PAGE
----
A seat at the table, but barely: Racial diversity in council rooms remains woefully poor
According to an analysis by Brett Miller, head of data solutions for the ESG division of institutional shareholder services, across the Russell 3000 Index, around 12% of directors and 13% of director positions are racially diverse. The latter figure refers to board seats and is higher due to the diversity of directors serving on multiple boards.
Of the 36 Russell 3000 companies of the Cleveland-Elyria MSA, 11.2% of directors and 10.9% of mandates are miscellaneous.
Although representation among the two groups remains dismal on boards of directors, statistics show that gender diversity has been privileged more than racial parity in recent years.
A lack of board diversity is the fault of companies and the way they seek out board candidates, experts say, which boils down to how the status quo tends to go. against modern diversity initiatives.
Smucker’s has worked in recent years to improve racial diversity and equity in both the workforce and the boardroom. Penrose said it was a company value, but one that became a high priority following a listening tour through the company focused on promoting a culture of diversity. and inclusion. As a result, Smucker’s has since joined the Stop Hate for Profit campaign, made Juneteenth a paid holiday, and made unconscious bias training mandatory.
Events like the Black Lives Matter movement and surrounding protests in 2020 have shed new light on why racial fairness among directors matters.
“Certainly with events given more recently there is an increased focus on this,” said Penrose. “But we have become more intentional, like many companies, and I think it will have positive results for individuals and the organization.”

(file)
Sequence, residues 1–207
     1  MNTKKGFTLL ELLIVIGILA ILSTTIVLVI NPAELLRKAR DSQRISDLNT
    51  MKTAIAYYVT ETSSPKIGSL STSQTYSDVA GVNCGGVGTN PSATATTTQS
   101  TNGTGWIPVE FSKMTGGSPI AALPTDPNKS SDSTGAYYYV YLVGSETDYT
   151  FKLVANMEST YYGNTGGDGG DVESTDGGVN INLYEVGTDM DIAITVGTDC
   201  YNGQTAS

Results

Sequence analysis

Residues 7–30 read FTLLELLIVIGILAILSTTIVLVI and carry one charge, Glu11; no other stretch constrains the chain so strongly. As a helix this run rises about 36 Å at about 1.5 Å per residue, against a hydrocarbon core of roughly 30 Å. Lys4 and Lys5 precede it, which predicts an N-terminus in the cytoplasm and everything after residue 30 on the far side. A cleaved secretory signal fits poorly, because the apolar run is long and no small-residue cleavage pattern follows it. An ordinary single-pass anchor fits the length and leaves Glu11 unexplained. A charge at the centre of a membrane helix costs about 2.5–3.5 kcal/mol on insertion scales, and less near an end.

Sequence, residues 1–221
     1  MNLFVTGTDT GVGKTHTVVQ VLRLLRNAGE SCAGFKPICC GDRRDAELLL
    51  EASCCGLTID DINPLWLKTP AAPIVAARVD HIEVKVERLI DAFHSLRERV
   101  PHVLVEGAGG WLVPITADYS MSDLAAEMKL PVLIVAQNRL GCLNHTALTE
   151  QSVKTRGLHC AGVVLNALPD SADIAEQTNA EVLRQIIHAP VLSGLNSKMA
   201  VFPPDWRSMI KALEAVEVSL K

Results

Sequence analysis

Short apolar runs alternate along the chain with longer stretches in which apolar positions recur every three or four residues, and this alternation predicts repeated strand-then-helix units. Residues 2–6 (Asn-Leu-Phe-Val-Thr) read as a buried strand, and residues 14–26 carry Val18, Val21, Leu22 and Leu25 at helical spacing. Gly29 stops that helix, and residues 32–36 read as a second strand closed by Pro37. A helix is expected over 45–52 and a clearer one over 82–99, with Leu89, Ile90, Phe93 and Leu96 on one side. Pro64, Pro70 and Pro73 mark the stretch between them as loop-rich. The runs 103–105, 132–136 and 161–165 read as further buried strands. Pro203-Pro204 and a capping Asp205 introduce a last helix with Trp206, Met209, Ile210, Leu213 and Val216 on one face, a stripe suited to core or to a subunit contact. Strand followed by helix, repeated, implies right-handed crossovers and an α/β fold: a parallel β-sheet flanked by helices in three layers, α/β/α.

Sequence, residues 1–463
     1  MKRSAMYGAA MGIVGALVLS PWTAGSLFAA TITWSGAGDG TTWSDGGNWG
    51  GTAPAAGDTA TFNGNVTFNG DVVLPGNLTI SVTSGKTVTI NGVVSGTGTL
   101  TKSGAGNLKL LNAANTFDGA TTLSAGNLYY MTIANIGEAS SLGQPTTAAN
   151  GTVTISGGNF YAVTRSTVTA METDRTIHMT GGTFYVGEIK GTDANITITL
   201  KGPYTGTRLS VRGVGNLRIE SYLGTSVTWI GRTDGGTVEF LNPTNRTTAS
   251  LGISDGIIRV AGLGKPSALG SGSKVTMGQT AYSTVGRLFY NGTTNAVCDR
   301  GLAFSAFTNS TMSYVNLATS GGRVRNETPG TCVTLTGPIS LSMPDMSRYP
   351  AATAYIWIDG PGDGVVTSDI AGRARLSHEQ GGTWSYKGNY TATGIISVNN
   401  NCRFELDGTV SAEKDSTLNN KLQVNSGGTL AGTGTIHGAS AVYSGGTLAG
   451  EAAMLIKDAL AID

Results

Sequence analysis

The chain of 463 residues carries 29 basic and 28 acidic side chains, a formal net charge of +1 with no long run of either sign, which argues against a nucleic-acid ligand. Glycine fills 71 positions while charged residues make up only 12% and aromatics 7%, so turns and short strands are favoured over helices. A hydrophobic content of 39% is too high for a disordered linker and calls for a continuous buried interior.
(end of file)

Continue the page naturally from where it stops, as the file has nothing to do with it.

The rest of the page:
Smucker’s board of directors, made up of 12 directors, includes five women and three minorities (one is a black woman). That’s pretty much the highlight for businesses based in Northeast Ohio. In terms of building a diverse board of directors, Penrose said the company intends to do even more.
Smucker’s has followed this trend by recognizing that a more diverse business is a better business, Penrose said. This is supported by a litany of studies over the years. For the board of directors, an age limit of 72 has been established for directors to support turnover and create opportunities to fill seats with diverse hires.
Investors are also looking for diversified companies, said Jeannette Knudsen, chief legal and compliance officer and secretary of Smucker’s, and are increasingly pressuring large companies to disclose this information. It’s something that was imposed in California following Gavin Newsom’s signing in September of a law requiring state-owned companies based there to have diverse boards of directors by January 2023.
Given the political landscape in the traditionally red state of Buckeye, Nance is skeptical that anything like this will be legislated in Ohio anytime soon. However, forward-thinking companies recognize that what is happening in the Golden State could set an example for others.
Marcia Moreno, President of AmMore Consulting in Cleveland, helps companies build more diverse and inclusive businesses by thinking about the Latinx workforce and advocates for Hispanic representation on boards. Businesses will ignore this at their peril, she said.
According to ISS ESG, Latin Americans made up only 2.2% of the board seats of Russell 3000 companies and less than 4% of the Fortune 500 seats. Yet Hispanics are on track to represent 25% of residents. Americans by 2045, when whites are expected to fall below a 50% majority of the population.
“This is where Latinos are not fully exploited. It is an important voice that is being left out,” Moreno said. “Sooner or later it will have an impact on the results.”
Yet, many companies cannot get by.
Despite a lot of talk in favor of diversity and inclusion, PwC’s 2020 annual survey of corporate directors found that only 34% of male directors “strongly agree” that diversity improved the performance of the board of directors (compared to 40% in 2018), compared to 80% of women. (compared to 73% in 2018).
Of course, the overwhelming majority of male directors are white.
“When you ask the question why does it take so long for boards to diversify,” Nance said, “there are most of the answers.